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How To Use Christmas Eve To Raise The Stakes Of Your Screenplay

By Marilyn Horowitz

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The Christmas holidays bring both excitement and stress. Determining how your main character feels about holidays can be a fast track to understanding them on a deeper level. Scripts also need a deadline, a "ticking clock", and by placing your hero or heroine in a situation with the added pressure of a holiday is a sure way to raise the stakes in your screenplay.

This is true for holidays in general, but I want to focus on Christmas Eve since that seems to be an ultimate moment in time that can reveal character and heighten the tension in a script, regardless of the genre you're writing in. Here are some examples of how setting a story on Christmas Eve can help:

In A Christmas Carol, which is based on a book by Charles Dickens and seems to be remade once a year, Christmas Eve is used as a catalyst for Scrooge to realize he's capable of love. Scrooge hates the holiday. On the eve, he is visited by ghosts and gains clarity about his life, and learns to love Christmas. In It's A Wonderful Life, George Bailey (James Stewart) is dissatisfied by his life, and becomes suicidal on Christmas Eve. Being shown what a difference he has made helps him both appreciate his life and help save the town.

Love Actually has several plot lines that all reach a crisis on Christmas Eve. A few of them are: The Prime Minister (High Grant) is moved to find Natalie (Martine McCutcheon), the girl he's scorned, because he receives a holiday card from her explaining her suspicious behavior; a little boy (Thomas Sangster) finds out his love is requited when he follows his girl to the airport, and in another subplot, adultery is averted when the wife (Emma Thompson) confronts her wayward husband (Alan Rickman) when she finds an expensive Christmas gift not intended for her.

Try the following exercise for your current screenplay or the next one you are planning to write:

The Christmas Eve Exercise

It's Christmas Eve in the world of your story. Visualize your main character doing what they might be doing on that evening. Is he or she celebrating? Brooding? Committing a crime? This can be a current experience or a past one where something traumatic occurred which affects the current events on your script.

For example, if you were writing Casablanca, you would imagine that Ilsa and Rick were planning to leave together on Christmas Eve, and she stood him up. Using this example, Ilsa would now walk into Rick's Bar on -- you guessed it, Christmas Eve. Imagine how that might have changed their first reunion. If you were writing Die Hard, your hero would be visiting his wife and get caught up in a current situation.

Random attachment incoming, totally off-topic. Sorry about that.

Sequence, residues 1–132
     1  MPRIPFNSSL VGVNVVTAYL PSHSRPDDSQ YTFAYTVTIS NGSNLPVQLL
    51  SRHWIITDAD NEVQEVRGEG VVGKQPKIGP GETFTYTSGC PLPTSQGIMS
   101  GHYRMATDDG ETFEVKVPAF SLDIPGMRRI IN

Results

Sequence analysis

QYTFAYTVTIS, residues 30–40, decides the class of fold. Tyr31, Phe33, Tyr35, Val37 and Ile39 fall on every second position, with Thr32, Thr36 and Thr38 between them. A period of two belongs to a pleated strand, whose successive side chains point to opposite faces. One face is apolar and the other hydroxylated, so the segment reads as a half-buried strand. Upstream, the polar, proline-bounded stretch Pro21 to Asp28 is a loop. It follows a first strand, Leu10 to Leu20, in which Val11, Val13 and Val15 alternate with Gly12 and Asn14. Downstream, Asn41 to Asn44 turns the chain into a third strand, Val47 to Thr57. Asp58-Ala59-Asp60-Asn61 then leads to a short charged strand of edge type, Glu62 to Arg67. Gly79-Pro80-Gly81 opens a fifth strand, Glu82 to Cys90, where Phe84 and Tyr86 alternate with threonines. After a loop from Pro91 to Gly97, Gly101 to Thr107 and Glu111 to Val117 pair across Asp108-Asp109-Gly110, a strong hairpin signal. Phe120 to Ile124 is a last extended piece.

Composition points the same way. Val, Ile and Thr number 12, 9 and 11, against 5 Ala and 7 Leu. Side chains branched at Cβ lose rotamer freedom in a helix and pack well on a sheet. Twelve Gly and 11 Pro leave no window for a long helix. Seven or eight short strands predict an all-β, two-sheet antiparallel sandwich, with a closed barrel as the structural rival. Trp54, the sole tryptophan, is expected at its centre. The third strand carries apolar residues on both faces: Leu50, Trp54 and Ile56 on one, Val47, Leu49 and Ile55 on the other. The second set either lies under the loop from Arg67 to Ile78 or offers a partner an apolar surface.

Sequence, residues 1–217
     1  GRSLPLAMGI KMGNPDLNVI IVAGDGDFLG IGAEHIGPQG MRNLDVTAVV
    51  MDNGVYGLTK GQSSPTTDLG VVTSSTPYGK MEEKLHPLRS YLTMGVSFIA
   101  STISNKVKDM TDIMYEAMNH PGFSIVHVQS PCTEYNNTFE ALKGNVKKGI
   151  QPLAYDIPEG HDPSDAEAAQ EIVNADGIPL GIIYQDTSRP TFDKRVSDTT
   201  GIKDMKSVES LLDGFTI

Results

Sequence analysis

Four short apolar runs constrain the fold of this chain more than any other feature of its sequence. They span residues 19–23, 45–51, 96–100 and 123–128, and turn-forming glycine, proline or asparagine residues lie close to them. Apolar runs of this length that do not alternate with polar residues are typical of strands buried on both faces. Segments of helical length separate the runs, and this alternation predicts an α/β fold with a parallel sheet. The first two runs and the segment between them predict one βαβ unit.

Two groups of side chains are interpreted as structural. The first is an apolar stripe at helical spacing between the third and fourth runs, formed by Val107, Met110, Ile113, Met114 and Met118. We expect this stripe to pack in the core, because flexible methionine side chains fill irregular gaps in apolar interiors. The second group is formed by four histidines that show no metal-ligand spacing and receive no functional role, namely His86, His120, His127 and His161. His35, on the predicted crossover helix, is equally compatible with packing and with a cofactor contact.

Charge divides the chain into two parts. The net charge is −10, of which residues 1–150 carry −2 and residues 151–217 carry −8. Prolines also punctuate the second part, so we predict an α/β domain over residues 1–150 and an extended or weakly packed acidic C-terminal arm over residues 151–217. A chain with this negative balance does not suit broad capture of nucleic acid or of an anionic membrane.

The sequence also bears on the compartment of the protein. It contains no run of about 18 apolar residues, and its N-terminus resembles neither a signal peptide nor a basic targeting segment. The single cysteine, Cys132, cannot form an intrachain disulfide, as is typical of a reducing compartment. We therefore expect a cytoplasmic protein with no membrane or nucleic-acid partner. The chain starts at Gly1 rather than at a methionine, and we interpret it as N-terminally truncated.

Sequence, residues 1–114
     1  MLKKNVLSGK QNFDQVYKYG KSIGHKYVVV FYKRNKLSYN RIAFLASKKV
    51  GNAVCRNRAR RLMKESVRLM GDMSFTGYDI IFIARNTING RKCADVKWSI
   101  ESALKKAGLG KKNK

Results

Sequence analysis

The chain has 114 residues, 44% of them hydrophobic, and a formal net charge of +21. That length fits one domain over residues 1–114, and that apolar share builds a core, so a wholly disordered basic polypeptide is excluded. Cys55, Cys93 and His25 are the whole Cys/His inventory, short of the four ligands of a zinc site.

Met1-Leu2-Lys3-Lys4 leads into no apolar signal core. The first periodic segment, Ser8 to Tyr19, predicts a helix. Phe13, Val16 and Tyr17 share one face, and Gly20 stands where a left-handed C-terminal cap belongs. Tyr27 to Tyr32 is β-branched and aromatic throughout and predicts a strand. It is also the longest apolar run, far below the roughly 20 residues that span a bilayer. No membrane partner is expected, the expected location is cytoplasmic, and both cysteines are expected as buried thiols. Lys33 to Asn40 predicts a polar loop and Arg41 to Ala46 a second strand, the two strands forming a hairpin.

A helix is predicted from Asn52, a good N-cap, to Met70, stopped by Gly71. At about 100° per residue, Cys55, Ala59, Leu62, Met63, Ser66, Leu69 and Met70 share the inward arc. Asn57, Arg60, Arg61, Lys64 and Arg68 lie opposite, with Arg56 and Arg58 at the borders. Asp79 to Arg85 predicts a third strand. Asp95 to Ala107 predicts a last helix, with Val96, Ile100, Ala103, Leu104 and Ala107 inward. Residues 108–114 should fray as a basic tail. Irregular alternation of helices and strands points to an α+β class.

Now take your screenplay and make the same leap of imagination. Write a brief monologue for each character as if the experience has already happened and see if you don't get something helpful for your current script.

For example, if your main character were John McClane, you might write, "Geez. If I'd known that I was going to have to save my wife from a bunch of thieves pretending to be terrorists, I would've brought some extra weapons and would never have taken my shoes off in a strange bathroom. I'm not much on the holidays, but there was something about it being Christmas Eve that really made me realize just how much I loved Holly, and nothing was worth losing her over."

About Marilyn Horowitz

Marilyn Horowitz is an award-winning New York University professor, author, producer, and Manhattan-based writing consultant, who works with successful novelists, produced screenwriters, and award-winning filmmakers. She has a passion for helping novices get started. Since 1998 she has taught thousands of aspiring screenwriters to complete a feature length screenplay using her method. She is also a judge for the Fulbright Scholarship Program for film and media students. In 2004 she received the coveted New York University Award for Teaching Excellence.

Professor Horowitz has created a revolutionary system that yields a new, more effective way of writing. She is the author of six books that help the writer learn her trademarked writing system, including editions for college, high school, and middle school. The college version is a required text at New York University and the University of California, Long Beach.

Professor Horowitz has written several feature-length screenplays. Her production credits include the feature films And Then Came Love (2007). Her new novel, The Book of Zev is available on Amazon.

Screenwriting Article by Marilyn Horowitz

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